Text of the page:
Industry News

Should We “Learn with Facebook”? A Troubled Platform Enters the eLearning Market

By Cait Etherington
November 23, 2018

Unless you’ve been entirely unplugged for the last year, you have likely heard about Facebook’s growing troubles. The platform, which once appeared to be bringing the world together, is increasingly on the defensive for everything from failing to protect users’ private data to failing to actively screen messages inciting violence and hatred. The impact on Facebook’s value and growth have been notable. Last quarter, the company’s growth slowed to below 2%. Now, there are signs that in an effort to rebrand and diversify, Facebook may be making moves into the training sector, but should we chose to “Learn with Facebook”?

What Is Learn with Facebook?

In essence, Learn with Facebook is a platform that aims to offer Facebook users access to free courses. Whether you’re a student, a job-seeker, a small business owner or founder, Learn with Facebook hopes to offer free, easy-to-use resources to respond to your needs and level of experience. In addition to courses, on topics such as digital storytelling and pitching to potential investors, users will also find expert advice and job tips.

In an announcement on November 14, Sheryl Sandberg, Facebook’s chief operating officer, issued a Facebook post about the new initiative. Sandberg noted, “People often tell us is that they don’t have the digital skills they need to succeed at work. That’s why Facebook made a pledge earlier this year to train 1 million people and small businesses in the U.S. in digital skills by 2020.”

A recent article published in TechCrunch notes that Learn with Facebook with launch with just 13 modules that are each 10 minutes long. However, TechCrunch reports that there are plans to scale the new project. Fatima Saliu, head of policy marketing at Facebook, told Tech Crunch, “This is the foundation and the beginning. We do intend to build out the content to make sure we are evolving with market economy and job skills.” That will apparently include acquiring other e-learning sites in order to rapidly bring on more content.

Can Learn with Facebook Lap LinkedIn Learning?

While Learn with Facebook currently has only 13 modules, LinkedIn Learning, which initially evolved out of the acquisition of Lynda, now is home to over 13,000 courses and in early November, LinkedIn announced that it will soon start hosting third-party content, including content from the Harvard Business Publishing.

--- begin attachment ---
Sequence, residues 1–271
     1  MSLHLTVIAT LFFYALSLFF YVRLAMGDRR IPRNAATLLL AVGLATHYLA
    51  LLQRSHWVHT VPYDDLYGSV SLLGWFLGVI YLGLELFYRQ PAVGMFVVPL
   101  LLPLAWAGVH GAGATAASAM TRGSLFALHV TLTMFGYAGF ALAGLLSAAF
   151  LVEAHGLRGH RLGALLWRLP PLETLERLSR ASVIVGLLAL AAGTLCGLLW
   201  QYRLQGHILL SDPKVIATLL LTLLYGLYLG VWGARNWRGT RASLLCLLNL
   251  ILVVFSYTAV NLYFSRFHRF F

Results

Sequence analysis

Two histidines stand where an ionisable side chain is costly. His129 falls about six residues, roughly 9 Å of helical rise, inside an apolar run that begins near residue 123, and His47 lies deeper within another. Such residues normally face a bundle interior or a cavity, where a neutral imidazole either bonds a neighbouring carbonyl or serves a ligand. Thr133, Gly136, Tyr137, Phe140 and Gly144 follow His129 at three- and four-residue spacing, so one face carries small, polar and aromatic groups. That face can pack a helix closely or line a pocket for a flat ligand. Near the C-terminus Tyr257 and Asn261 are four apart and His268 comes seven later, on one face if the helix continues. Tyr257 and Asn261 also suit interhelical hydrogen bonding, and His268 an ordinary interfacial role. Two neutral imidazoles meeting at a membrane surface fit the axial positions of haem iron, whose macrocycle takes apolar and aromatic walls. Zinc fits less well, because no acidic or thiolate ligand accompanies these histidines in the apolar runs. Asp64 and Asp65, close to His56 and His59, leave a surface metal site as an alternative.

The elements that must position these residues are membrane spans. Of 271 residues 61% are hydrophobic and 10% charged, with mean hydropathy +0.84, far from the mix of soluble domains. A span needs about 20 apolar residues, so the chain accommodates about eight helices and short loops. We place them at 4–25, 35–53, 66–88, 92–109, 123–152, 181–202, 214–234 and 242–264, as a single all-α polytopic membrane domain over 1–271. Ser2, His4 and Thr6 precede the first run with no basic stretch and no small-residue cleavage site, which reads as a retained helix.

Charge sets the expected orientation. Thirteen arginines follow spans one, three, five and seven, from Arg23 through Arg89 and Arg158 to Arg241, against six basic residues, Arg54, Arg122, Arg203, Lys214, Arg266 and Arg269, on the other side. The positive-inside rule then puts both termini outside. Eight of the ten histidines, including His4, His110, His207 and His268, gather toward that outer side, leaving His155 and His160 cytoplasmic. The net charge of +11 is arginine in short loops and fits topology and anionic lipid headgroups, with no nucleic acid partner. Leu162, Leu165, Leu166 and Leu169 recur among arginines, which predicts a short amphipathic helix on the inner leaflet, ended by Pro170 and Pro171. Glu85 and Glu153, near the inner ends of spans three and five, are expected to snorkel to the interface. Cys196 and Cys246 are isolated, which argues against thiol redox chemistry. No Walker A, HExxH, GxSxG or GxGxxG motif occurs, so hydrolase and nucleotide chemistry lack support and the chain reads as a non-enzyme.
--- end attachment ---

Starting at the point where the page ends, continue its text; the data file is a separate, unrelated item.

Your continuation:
A press release posted on the Harvard Business Publishing site on November 9 explained nowHarvard Business Publishing and LinkedIn Learning customers will now be able to access all their learning materials on a single platform. Rich Gravelin, Harvard Business Publishing’s Director of Partnerships and Alliances, emphasized the partnership would serve both Harvard Business Publishing and LinkedIn’s learners on many levels: “We believe that LinkedIn Learning has created an innovative platform that will help us connect more learners around the world to the learning experiences they need to become the best leaders they can be. We are thrilled to be an inaugural partner with LinkedIn to help us further or mission of improving the practice of management and its impact in a changing world.”

Given LinkedIn’s current size and recent expanded partnership not only with Harvard Business Publishing but also with Treehouse, which is best known for offering online coding courses, can Learn with Facebook ever expect to lap LinkedIn Learning or even edge into their market? For now, the biggest thing Learn with Facebook has going for it is that its courses and mentorship offerings are entirely free to users. This factor alone may enable the Learn with Facebook to scale, especially in global markets with the cost of LinkedIn’s premium content may pose a barrier to some aspiring entrepreneurs and founders. Of course, for many users, Facebook’s current troubles, especially those involving data breaches, seem likely to slow the growth of its newest initiative.


  1. I don’t think this study just dismisses the whole Gamification model, if anything, it only proves that badges do not encourage learning, I just don’t think it disproves Gamiication doesn’t work, it is not only about badges!

  2. Just because badges may not have a significant impact within education does not mean gamification in general is a failed experiment. My son is 9 years old and typing over 50 words per minute. How? Because of a typing game… he’s been obsessed with it. If his typing practice wasn’t gamified he’d probably still be typing with 2 fingers. It’s the best example I’ve seen so far where gamification is extremely effective.

Leave a Reply